Sober October has been touted to many as an inspiration to get yourself in shape.
But this could be a trend that is dangerous for your health — at least according to a recent study that found that abstaining from alcohol could increase your risk of developing dementia.
The study, published in the journal Addiction, was conducted by the University of New South Wales in Sydney, which conducted a meta-analysis of 15 studies that analyzed the link between alcohol and dementia in adults over the age of 60.
“Among current drinkers, there appears to be no consistent evidence to suggest that the amount of alcohol consumed in later life is associated with dementia risk,” the study concluded.
Researchers looked at 24,478 people from around the world. During the duration of the study, 2,124 of the adults developed dementia.
They found that those who were part of the group diagnosed with a brain disorder were more likely to abstain from alcohol compared to light or moderate drinkers.
The research was more concentrated in wealthier countries, including the United States, Australia and European countries. But they also include data from some middle to low-income countries, such as Brazil and the Republic of Congo.
Researchers have not determined why moderate intake of hooch may boost brain health, and other factors such as exercise, diet or weight were not taken into account.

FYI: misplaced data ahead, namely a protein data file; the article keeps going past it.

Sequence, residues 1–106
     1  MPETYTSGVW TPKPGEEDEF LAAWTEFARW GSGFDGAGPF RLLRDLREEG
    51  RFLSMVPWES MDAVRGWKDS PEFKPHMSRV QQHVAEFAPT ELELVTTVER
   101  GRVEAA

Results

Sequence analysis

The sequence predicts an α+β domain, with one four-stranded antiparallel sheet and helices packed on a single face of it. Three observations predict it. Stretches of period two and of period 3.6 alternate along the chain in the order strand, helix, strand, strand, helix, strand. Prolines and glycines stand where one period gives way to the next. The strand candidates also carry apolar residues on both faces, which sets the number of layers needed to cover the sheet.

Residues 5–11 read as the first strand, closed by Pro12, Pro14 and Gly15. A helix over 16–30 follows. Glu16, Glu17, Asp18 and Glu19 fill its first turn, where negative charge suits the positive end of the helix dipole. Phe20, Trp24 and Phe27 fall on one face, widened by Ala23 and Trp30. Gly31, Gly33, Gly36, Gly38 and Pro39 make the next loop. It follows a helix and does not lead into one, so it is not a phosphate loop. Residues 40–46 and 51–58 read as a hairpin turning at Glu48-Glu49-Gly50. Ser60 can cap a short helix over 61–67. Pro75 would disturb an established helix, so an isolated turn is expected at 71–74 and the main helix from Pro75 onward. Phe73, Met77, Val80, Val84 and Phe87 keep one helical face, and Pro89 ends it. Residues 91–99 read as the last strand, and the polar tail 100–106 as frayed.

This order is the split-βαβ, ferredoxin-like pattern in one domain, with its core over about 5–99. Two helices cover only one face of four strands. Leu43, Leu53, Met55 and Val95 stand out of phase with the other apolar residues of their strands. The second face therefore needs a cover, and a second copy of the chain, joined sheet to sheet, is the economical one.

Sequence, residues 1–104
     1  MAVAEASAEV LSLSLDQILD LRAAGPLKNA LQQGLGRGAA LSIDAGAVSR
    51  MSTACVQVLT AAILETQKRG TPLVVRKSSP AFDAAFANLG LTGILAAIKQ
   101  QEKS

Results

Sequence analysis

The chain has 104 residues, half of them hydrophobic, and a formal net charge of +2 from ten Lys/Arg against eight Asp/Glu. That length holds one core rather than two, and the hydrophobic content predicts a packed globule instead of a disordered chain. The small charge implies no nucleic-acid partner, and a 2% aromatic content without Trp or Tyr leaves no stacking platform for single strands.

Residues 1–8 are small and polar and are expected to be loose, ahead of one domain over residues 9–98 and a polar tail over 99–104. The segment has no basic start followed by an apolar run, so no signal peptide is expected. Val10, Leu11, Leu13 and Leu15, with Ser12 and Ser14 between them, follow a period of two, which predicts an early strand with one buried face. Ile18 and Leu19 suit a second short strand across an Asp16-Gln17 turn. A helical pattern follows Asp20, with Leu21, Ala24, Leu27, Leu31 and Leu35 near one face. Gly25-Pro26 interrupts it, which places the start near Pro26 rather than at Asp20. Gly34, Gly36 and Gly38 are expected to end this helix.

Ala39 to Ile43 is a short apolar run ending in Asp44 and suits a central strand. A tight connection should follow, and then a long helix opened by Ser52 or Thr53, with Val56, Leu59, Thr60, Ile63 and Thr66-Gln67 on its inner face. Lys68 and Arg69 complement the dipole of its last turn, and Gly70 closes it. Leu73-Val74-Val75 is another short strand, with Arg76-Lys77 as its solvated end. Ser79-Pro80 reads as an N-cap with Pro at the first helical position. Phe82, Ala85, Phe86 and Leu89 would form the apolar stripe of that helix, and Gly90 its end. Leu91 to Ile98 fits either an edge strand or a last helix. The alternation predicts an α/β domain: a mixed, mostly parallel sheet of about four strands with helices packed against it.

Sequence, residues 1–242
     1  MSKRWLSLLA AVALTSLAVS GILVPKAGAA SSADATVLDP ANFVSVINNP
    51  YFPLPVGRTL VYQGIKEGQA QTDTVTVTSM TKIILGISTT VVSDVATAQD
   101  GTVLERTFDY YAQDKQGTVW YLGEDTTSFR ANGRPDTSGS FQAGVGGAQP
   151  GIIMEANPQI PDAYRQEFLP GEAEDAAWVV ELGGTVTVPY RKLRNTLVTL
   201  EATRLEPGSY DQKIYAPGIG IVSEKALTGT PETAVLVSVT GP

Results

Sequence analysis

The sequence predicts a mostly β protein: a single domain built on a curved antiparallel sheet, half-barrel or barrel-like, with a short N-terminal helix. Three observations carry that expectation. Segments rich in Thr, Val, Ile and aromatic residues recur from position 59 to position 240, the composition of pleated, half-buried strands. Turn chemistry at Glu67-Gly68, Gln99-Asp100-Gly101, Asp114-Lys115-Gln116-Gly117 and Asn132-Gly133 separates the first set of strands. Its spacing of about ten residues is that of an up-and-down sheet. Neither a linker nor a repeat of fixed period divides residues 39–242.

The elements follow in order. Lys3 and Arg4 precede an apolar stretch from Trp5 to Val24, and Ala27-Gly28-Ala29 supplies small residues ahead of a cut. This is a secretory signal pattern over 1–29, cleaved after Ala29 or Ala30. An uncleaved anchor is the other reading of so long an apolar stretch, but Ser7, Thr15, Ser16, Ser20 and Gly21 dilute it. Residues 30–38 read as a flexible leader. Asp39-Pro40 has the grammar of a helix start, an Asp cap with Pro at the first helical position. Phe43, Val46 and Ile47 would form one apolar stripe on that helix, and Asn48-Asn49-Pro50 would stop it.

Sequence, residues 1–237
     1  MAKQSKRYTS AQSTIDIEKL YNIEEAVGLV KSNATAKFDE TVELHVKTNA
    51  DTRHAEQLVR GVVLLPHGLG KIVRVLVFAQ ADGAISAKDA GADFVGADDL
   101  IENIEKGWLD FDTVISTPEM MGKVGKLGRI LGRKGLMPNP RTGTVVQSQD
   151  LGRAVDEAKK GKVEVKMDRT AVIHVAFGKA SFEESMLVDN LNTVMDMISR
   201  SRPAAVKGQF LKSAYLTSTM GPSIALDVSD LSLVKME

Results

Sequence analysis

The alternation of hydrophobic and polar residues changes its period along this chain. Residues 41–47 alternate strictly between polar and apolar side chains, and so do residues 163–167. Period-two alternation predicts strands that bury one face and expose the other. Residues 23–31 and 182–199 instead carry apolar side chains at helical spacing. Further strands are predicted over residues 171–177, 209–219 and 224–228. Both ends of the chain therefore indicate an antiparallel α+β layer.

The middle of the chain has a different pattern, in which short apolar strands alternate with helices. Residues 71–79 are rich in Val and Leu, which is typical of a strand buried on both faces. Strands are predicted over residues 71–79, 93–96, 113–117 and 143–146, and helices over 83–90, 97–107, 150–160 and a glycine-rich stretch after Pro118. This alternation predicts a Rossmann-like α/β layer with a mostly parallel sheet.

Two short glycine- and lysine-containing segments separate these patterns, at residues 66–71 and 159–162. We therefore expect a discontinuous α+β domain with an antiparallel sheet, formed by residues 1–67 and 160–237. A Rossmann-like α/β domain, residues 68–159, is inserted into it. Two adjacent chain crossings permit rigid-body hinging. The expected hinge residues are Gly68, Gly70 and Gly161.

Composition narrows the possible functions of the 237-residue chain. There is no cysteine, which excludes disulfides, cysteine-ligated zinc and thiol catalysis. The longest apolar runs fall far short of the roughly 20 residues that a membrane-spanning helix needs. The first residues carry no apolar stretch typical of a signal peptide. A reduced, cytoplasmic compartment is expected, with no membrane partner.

But it adds more fuel to the endless debate about whether drinking is a hindrance or a boost to your overall well-being.
There are conflicting reports about adult drinks.
A March 2022 study said just one drink a day can shrink your brain, with Marathon Brewing Company even marketing their 26.2 Brew as a health drink to replenish electrolytes after a long run.
The CDC says excessive alcohol consumption can lead to a host of health problems, including heart disease, numerous cancers and depression.
However, this isn’t the first academic study to say that one drink a day can keep the doctor away.
A 2002 Dutch study published in Lancet reported that moderate to light drinking can lower the risk of coronary heart disease, stroke and dementia.
It analyzed 8,000 people aged 55 and over and found that there was a 42% risk reduction for all forms of dementia and about 70% in the risk of vascular dementia.
The type of alcohol consumed — be it beer, wine, or spirits — played no role.
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